It’s appropriate that the Twitter hashtag for House at the End of the Street is #HATES because the only redeeming thing about this movie is Jennifer Lawrence’s singing voice.
The movie was filmed in 2010, before Lawrence starred as Katniss Everdeen in The Hunger Games. It is clear that the filmmakers are trying to cash in on Lawrence’s newfound fame with a movie that otherwise never would have – or should have – been released.
Lawrence isn’t terrible in the film, but she has nothing to work with aside from a forced dialogue, uneven characterization and a plot that tries too hard.
House at the End of the Street follows Elissa (Lawrence) and her divorced mother Sarah (Elisabeth Shue) as they move into a rural house that they can only afford because just four years earlier, a girl murdered her parents in the house across the street.
The girl supposedly drowned in a dam, although a body was never found; we learn that the girl is still alive and her older brother Ryan (Max Thieriot) is holding her captive in the basement of their house.
Elissa falls for Ryan’s sad and lonely vibe, much to the town’s fear, as everyone else is suspicious of him. But of course we learn, sort of, that Ryan’s story isn’t all that it appears to be.
There are many inconsistencies with the cliché girl-meets-mysterious-boy paired with the creepy house plot, most of them stemming from barely-explained characters’ back stories and motives.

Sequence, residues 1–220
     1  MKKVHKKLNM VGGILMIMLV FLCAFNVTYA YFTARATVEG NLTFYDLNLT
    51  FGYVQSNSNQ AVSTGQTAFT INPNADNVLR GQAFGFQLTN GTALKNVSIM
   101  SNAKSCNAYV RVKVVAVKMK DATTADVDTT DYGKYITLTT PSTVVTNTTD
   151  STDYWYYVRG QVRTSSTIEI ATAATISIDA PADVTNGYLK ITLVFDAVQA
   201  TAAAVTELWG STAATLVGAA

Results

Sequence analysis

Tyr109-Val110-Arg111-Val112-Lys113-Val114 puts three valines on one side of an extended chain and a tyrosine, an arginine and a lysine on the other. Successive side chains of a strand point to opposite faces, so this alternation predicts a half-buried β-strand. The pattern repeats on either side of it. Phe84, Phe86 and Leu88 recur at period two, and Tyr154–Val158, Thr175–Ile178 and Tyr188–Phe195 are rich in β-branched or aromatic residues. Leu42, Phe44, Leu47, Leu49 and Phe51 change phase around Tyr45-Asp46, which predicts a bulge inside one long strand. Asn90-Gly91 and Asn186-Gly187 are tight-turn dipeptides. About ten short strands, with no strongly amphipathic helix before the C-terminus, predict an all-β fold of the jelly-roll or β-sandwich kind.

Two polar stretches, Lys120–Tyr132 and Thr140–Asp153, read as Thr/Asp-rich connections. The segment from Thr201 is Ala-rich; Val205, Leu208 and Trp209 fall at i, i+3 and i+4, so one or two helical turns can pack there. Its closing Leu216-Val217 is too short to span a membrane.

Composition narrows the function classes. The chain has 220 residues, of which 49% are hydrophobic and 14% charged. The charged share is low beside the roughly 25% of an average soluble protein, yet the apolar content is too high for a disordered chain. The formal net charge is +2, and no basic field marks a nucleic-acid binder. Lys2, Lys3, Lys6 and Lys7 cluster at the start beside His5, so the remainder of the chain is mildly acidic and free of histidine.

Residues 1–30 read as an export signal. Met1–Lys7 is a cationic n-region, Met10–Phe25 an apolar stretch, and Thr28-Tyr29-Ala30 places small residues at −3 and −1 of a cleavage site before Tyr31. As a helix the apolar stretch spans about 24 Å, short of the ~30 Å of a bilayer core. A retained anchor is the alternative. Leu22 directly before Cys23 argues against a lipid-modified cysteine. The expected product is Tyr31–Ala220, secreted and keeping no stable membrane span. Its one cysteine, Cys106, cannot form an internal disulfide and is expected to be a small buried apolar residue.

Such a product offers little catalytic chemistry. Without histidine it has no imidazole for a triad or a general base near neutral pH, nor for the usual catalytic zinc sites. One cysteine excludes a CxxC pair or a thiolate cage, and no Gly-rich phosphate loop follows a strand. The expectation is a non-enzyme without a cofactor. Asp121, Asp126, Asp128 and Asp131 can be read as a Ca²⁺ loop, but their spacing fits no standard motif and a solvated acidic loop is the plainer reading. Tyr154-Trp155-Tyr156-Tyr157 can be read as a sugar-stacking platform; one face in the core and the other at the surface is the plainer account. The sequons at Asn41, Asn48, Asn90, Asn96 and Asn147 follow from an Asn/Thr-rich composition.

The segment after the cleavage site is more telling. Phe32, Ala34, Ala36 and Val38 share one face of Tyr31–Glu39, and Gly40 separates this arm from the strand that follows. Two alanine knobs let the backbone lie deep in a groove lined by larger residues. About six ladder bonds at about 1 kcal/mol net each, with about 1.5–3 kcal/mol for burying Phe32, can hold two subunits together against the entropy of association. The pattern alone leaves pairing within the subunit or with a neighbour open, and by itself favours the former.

The dialogue consists mostly of awkward conversations that screenwriter David Loucka probably didn’t intend for an audience to laugh at. This amateur writing is more evident in the characters, most of which are ill conceived and can’t decide who they want to be.
Ryan’s character, especially, is poorly established, which makes his actions in the end confusing. By the conclusion of the film, we’re left questioning who these people we’ve watched for 90 minutes are, and why we should care about them.
It is clear that director Mark Tonderai was attempting to create a suspenseful thriller but when the story is as weak as House at the End of the Street, no amount of color editing or jump cuts can salvage the film.
It is disheartening to watch the movie, because there are moments that could be interesting if the ideas were expanded. If the film had veered toward the teen-slasher side, it would have been an improvement, one that the audience seemed to be waiting for.